2) The problem every study faces is that as sample size gets bigger, the likelihood of finding significant correlations increases, but power decreases. Of course, it is up to the researcher to do a substantive interpretation for the reader. But what does a substantive interpretation mean in medicine, when you may be dealing with lives?

      3) Statistical artifacts will always exist in every study. The article mentions that many of the 49 famous studies were shown to be “false or significantly exaggerated”. Well, significantly exaggerated itself is a statistical artifact. It doesn’t tell a practicing MD much. Also, a meta-analysis is itself a study of statistical artifacts. I.e., you can’t get away from it, and there is so much wiggle-room in most statistical interpretations, that you will always have this problem.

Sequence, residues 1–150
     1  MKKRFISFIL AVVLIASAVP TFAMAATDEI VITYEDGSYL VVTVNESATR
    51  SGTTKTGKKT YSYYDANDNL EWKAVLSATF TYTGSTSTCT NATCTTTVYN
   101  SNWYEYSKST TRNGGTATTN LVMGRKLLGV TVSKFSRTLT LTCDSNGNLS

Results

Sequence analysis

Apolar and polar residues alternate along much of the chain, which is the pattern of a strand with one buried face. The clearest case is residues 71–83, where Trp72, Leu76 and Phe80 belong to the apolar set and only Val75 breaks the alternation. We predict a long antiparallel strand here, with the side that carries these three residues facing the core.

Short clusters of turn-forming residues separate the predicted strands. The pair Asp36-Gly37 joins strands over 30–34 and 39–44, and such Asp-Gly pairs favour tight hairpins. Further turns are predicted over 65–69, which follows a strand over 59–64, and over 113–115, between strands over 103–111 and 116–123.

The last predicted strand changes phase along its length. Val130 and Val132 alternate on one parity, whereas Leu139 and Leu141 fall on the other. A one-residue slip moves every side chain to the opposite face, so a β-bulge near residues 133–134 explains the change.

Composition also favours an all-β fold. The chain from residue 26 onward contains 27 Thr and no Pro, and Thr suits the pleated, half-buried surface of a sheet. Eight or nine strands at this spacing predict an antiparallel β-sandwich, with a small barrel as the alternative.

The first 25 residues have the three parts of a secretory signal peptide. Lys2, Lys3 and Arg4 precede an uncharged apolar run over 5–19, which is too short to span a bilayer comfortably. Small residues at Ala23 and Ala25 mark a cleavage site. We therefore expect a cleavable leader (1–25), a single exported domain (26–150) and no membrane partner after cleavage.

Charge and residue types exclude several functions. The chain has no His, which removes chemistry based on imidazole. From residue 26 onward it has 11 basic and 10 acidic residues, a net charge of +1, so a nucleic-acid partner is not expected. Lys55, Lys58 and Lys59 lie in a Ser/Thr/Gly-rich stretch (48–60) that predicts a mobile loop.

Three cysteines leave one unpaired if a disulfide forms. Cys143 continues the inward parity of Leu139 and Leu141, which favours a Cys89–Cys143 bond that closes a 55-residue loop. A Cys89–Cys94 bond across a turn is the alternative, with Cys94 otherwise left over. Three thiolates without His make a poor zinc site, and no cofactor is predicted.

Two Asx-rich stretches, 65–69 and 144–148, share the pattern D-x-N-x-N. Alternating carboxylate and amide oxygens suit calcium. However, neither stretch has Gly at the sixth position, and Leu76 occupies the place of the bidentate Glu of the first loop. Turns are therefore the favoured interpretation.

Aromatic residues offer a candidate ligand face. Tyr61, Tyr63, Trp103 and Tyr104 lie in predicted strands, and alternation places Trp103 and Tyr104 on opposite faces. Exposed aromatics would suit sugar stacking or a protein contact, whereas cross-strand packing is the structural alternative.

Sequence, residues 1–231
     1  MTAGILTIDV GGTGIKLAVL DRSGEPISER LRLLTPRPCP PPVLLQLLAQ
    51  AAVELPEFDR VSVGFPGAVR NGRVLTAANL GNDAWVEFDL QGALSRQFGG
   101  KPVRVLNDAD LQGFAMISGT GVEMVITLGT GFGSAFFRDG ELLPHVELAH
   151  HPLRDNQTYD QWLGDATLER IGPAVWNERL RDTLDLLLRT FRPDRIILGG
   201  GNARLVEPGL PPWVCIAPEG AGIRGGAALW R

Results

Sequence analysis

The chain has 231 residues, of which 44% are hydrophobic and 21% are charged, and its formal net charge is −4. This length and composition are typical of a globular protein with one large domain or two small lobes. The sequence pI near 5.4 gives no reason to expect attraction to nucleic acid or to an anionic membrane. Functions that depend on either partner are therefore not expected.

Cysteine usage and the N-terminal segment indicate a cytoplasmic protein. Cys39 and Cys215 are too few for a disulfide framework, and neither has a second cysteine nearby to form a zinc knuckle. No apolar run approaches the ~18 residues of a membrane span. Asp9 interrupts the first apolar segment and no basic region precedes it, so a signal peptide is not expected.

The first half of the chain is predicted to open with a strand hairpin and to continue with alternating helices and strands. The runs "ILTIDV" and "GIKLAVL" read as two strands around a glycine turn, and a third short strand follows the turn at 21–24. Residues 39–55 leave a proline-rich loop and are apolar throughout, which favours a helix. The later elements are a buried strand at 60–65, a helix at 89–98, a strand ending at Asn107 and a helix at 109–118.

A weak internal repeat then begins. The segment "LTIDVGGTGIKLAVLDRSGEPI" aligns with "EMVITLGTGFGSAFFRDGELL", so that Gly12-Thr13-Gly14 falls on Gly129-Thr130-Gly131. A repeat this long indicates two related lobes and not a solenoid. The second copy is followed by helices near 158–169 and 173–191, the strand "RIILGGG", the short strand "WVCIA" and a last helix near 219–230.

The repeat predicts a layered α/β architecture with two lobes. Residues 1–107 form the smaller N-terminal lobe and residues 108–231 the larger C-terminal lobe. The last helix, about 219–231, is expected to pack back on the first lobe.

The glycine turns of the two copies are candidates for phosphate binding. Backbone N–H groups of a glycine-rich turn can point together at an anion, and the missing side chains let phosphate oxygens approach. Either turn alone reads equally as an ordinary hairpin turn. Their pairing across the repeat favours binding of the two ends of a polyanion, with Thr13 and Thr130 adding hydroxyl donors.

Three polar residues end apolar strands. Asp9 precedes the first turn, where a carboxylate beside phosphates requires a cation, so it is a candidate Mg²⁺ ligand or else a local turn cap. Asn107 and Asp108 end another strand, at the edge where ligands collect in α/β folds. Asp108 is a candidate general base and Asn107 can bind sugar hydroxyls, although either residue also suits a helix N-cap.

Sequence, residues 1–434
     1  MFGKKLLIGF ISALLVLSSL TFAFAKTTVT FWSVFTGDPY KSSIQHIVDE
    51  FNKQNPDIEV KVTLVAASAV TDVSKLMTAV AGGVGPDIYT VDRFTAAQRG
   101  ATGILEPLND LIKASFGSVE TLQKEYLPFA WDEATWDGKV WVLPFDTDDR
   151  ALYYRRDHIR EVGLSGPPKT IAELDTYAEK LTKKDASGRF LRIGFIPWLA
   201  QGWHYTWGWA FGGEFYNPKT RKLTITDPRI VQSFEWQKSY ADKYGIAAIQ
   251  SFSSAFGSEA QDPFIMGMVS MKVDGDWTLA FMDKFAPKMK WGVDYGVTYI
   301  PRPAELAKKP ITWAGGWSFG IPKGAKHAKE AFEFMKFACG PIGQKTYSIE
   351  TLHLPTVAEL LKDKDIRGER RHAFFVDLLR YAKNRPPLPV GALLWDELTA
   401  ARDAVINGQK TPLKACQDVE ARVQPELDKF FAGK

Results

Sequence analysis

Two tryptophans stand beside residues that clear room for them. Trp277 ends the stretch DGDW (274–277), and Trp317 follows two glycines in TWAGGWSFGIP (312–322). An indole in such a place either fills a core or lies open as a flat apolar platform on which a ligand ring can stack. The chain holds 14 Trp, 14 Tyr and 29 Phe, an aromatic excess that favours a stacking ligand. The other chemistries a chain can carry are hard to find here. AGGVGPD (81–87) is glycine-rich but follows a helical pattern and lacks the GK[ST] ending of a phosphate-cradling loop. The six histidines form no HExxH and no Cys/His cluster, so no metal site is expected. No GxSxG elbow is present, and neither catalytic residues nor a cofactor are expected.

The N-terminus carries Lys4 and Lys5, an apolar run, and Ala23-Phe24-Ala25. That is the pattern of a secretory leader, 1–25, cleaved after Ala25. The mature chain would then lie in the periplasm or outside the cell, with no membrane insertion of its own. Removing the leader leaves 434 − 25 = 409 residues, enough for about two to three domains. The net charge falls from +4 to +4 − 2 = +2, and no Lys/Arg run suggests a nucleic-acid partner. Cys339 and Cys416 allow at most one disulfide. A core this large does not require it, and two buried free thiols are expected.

4) The emphasis on “newness” in publishing isn’t necessarily true, or a bad thing. There are journals that specialize in publishing new ideas, and journals that specialize in publishing in methods. Of course, the problem is the audience; MDs, journalists and lawyers aren’t going to read the methods journals. That is never going to change.

      So how do you fix it? Can you fix it? I’m not sure anything more can be done without creating additional unforeseen problems down the road. Most of the problem, seems to be with the audience, not the scientific community. Most researchers are well aware of these problems, which is why whenever we read any study, we are always skeptical and never take the statistical outcome to be authoritative, just interesting.

    7. AIG Says: